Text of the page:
How We Became Posthuman: Virtual Bodies in Cybernetics, Literature, and Informatics

Critical Writing
Publication Type: 
Year: 
1999
ISBN: 
9780226321462 (PB)
9780226321394 (ebook)
Record Status: 
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Abstract (in English): 

In this age of DNA computers and artificial intelligence, information is becoming disembodied even as the "bodies" that once carried it vanish into virtuality. While some marvel at these changes, envisioning consciousness downloaded into a computer or humans "beamed" Star Trek-style, others view them with horror, seeing monsters brooding in the machines. In How We Became Posthuman, N. Katherine Hayles separates hype from fact, investigating the fate of embodiment in an information age.

Hayles relates three interwoven stories: how information lost its body, that is, how it came to be conceptualized as an entity separate from the material forms that carry it; the cultural and technological construction of the cyborg; and the dismantling of the liberal humanist "subject" in cybernetic discourse, along with the emergence of the "posthuman."

Ranging widely across the history of technology, cultural studies, and literary criticism, Hayles shows what had to be erased, forgotten, and elided to conceive of information as a disembodied entity. Thus she moves from the post-World War II Macy Conferences on cybernetics to the 1952 novel Limbo by cybernetics aficionado Bernard Wolfe; from the concept of self-making to Philip K. Dick's literary explorations of hallucination and reality; and from artificial life to postmodern novels exploring the implications of seeing humans as cybernetic systems.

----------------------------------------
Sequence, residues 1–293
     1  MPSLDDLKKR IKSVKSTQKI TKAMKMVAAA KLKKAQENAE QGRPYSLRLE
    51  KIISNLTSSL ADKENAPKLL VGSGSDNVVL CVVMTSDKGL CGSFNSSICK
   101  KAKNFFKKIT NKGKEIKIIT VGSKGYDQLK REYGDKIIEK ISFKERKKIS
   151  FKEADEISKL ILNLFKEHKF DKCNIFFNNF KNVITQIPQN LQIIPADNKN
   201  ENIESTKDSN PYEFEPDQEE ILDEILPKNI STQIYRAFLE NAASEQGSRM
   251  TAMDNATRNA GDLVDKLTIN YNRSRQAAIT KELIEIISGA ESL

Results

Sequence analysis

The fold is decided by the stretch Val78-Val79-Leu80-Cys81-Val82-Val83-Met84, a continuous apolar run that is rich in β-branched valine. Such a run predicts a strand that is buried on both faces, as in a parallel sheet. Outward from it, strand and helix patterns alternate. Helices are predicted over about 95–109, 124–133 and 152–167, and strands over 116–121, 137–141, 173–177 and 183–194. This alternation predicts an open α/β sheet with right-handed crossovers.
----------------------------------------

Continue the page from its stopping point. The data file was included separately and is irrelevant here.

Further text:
Although becoming posthuman can be nightmarish, Hayles shows how it can also be liberating. From the birth of cybernetics to artificial life, How We Became Posthuman provides an indispensable account of how we arrived in our virtual age, and of where we might go from here.

(Source: University of Chicago Press catalog copy)

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Critical writing that references this:

Title Author Publisher Yearsort descending
For This We Play: an Introduction to this Issue’s New Media Poems John Sparrow HOW2
Mutability, Medium and Character Dene Grigar Computers and the Humanities 2002
Lost in the Archive: Vision, Artefact and Loss in the Evolution of Hypertext Belinda Barnet 2004
Unusual Positions: Embodied Interaction with Symbolic Spaces Camille Utterback 2004
Metaphoric Networks in Lexia to Perplexia N. Katherine Hayles Electronic Book Review (ebr) 2005
Rhetorics of Surface and Depth in Digital Poetry Anna Katharina Schaffner, Andrew Michael Roberts RiLUnE (Revue des Littératures de l’Union Européenne/Review of Literatures of the European Union) 2006
Born Digital: Writing Poetry in the Age of New Media Maria Engberg 2007
New Textualities Manuel Portela EJES: European Journal of English Studies 2007
Exploiting Kairos in Electronic Literature: A Rhetorical Analysis Cheri Crenshaw 2008
Techno-historical Limits of the Interface: The Performance of Interactive Narrative Experiences Andrew Hutchison 2009
Approaches to Digital Literature: Temporal Dynamics and Cyborg Authors Raine Koskimaa Transcript 2010
Productions of Presence: Sensing Electronic Literature Luciana Gattass 2012
Digital Poesi. Æstetisk Analyse og det Mediales Rolle i Kunstværkers Kommunikation Mette-Marie Zacher Sørensen 2013
Gender Representation Kim Knight 2014
Materiality Anna Munster 2014
Aurature and the End(s) of Electronic Literature John Cayley 2015
Our Tools Make Us (And Our Literature) Post Steve Tomasula 2017
Immanence, Inc.: Algorithm, Flow, and the Displacement of the Real Brian Kim Stefans Bloomsbury Academic 2018
Electronic Literature Scott Rettberg Polity 2018
Postmodern, Posthuman, Post-Digital Laura Shackelford 2018
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